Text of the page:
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cleats, ring bolts and belaying knots


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I dont think one would "belay" to a ring bolt in general - doesnt give a quick "cast off" . 

A cleat or a pin (which is actually just a cleat with a moveable bit!) doesnt have the line passed through it so you dont have to worry about having fathoms of free end as you may have through a ring.

 

 

Assuming you mean  a fixing for running rigging.

It would either be a fixed splice to a ring or more usually a hook to the ring on say a tackle block.

 

Obviously sometimes done - there is the anchor bend - attached to an anchor ring and a mooring line is often taken to a jetty ring with a  round turn and two half hitches

Edited by SpyGlass
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I appreciate the reply, but I am a little confused with your use of the word 'belay'.  

 

In "A Marine Glossary for the Ship Modeler", Schairbaum defines "belay" like this:  "To make a line fast to a cleat, belaying pin or other device for securing a line.  Also spoken as a command to resend a previous command".

 

 Dean King defines the word in "A Sea of Words" thus:  To make fast, or secure, a running rope, especially one of the small ones used for working sails, around a cleat, belaying pin, or kevel.  Also, to disregard, as i  "belay the last word" ".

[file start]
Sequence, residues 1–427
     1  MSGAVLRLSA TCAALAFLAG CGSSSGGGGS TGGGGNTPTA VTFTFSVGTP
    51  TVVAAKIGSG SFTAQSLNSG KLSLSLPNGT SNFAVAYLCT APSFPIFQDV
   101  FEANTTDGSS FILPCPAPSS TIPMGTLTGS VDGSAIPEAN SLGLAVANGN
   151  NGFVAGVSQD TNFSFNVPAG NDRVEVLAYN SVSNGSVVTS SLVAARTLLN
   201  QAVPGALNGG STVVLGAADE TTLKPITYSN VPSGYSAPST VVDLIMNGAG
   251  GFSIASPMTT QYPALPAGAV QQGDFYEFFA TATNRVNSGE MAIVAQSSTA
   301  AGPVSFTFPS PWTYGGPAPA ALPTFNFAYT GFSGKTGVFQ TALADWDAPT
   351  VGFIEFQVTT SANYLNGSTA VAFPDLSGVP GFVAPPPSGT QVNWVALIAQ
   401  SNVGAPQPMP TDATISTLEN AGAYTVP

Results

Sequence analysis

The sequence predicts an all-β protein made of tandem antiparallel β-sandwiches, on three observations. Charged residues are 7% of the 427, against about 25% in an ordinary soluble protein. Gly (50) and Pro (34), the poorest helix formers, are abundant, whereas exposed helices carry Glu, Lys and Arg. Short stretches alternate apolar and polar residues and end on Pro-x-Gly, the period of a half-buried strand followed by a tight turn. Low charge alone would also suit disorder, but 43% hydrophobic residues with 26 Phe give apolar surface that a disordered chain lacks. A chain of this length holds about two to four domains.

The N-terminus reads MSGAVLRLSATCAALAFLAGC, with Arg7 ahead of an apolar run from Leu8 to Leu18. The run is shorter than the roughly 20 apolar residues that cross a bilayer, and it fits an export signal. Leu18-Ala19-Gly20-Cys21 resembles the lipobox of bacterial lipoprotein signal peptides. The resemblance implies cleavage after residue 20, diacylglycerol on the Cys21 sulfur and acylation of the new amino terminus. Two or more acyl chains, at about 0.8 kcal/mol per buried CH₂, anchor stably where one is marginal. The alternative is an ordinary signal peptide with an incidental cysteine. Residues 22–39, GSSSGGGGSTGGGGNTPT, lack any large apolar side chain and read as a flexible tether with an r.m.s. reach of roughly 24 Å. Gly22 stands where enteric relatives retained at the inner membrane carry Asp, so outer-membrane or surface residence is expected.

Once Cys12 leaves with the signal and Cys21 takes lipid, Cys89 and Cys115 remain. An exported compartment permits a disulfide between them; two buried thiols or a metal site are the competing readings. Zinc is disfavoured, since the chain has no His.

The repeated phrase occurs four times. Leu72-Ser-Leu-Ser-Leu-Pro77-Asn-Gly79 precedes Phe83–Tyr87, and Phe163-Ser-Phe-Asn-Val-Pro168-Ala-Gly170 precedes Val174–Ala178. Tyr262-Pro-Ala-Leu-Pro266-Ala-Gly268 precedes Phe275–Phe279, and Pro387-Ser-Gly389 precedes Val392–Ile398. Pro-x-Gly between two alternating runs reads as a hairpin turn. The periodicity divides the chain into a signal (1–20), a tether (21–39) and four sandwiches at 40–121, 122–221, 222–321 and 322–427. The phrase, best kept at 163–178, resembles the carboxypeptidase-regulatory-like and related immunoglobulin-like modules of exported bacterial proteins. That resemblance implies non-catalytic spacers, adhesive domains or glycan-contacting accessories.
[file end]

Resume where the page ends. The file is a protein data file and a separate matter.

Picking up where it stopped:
So, I thought I was using the term properly.

 

In any event, none of my reference books show how to tie off a running line to a ring set in the deck.  I couldn't even find a knot in "The Ashley Book of Knots".  It may be I didn't look hard enough.

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Could it be that it is not common practice to belay to a ring? Think you have the term belay defined, now you need to take a look at the devices noted in the description you have, compared to a closed ring. If I needed to secure a line to a ring, I would double the line, poke the loop thru the ring and then make a half hitch using the double. That way, if I needed to let go quickly, I would use the free side to pull the hitch apart and have the line clear of the ring. There are several methods people use when a quick emergency release is needed, all require doubling the line before forming the hitch.

jud

need to add, when you make the half hitch, use the loop and lay it in like a shoe lace, then like the shoe lace, a tug will let it fall apart.

Edited by jud